In the latter half of the 19th century, Japanese society underwent a process of rapid modernization along European lines, which was encapsulated by the governmental slogan 'civilization and enlightenment'. Emperor Mutsuhito (throne name Meiji) became the symbol of the political upheaval of this period. His reign saw the abolishment of the feudal system of the Edo Period and the 270-year-long military rule of the Tokugawa shogunate.
Alongside the steam engine, gas lights, and the hot-air balloon, photography was one of the seven key hallmarks of the country's 'unconditional Europeanisation'. First introduced by the Americans and the British, photography was seen as the absolute embodiment of Western technology and progress among those sections of society keen for Japan to open itself up to the world and embrace the modern age. After several foreign-owned photographic studios set up for business, Japanese photographers soon followed suit by opening their own. The clientele for both kinds of studios were typically long-term visitors and tourists, and there was a great surge in photography between 1868 and 1912.
The exhibition features some 200 images from the most important commercial-photography centres in Japan. The display opens with works by Ueno Hikoma and Uchida Kuichi from Nagasaki, followed by work by Yokohama-based photographers Felice Beato, Baron Raymond von Stillfried-Rathenicz, Adolfo Farsai, and Kusakabe Kimbei, as well as Ogawa Kazumasa of Tokyo. The show offers a comprehensive survey of the major themes and stylistic devices of the Meiji Era. The featured works range from ethnographic typologies and staged genre scenes to artfully stylized portraits, nature studies, and architectural photographs. They form a canon of photographic travel shots, intended for visitors on a Far-Eastern 'Grand Tour' as souvenirs of their trip for universities and colleges back home, or as visual records to bolster and fuel the exotic imagination. Geishas playing and dancing to the shamisen, samurai, sumo wrestlers, kabuki actors, temples in Tokyo, or Nikko, or on Mount Fuji embody the stereotypes of the paradisal land of the cherry blossom that had been widely perpetuated in the West since the 16th century. The photographs exploit these clichés. At the same time, they often seem to cast doubt on the authenticity of the depicted experience.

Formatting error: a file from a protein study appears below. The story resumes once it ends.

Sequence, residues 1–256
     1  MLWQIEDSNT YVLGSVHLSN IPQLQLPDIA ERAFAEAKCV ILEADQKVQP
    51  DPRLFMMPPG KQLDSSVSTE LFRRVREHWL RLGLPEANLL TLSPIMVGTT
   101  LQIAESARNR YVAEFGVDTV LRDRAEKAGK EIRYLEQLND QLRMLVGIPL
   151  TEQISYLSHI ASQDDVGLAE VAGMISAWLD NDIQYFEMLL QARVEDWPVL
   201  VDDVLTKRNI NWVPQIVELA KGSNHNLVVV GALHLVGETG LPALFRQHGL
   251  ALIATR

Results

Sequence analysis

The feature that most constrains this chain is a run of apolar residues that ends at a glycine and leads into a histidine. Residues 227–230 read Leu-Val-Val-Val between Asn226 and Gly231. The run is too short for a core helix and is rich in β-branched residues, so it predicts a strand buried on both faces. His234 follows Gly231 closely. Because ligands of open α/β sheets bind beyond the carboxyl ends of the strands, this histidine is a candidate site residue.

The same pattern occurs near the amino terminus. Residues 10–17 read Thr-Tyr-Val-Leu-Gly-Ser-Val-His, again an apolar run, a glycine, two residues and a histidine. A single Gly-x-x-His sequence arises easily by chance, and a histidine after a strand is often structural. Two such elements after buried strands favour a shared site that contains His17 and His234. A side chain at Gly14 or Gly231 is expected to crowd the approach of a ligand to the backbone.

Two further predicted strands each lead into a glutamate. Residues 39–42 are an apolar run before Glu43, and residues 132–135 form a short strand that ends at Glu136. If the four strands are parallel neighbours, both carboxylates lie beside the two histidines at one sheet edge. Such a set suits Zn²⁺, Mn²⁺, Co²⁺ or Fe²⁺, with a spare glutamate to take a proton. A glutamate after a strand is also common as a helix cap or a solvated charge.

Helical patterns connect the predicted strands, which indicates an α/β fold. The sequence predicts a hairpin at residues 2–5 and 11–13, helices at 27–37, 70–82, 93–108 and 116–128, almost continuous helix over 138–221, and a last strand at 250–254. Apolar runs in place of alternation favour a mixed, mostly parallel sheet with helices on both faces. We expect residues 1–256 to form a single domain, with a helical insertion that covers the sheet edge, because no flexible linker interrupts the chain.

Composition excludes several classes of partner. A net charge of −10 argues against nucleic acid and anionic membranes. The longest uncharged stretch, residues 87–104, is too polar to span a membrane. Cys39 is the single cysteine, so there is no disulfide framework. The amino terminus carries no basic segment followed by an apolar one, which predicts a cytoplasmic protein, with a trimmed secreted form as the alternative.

The exhibition features images taken from the collections of the Kunstbibliothek, Ethnologisches Museum, Museum für Asiatische Kunst, the Staatsbibliothek, and the archives of the former state of Prussia (Geheimes Staatsarchiv). Largely hitherto unpublished, the photographic material is now being presented to a broad audience for the first time. The show also includes historical books and travel reports, as well as coloured woodblock prints by such well-known artists as Kitagawa Utamaro, Utagawa Hiroshige, and Katsushika Hokusai. These woodcuts form a fascinating dialogue with the photographs they often inspired. The diversity of media on display illustrates, on the one hand, Japanese pictorial traditions and influences, while simultaneously revealing the fundamental Western influences on the photographic interpretation of the Meiji Era.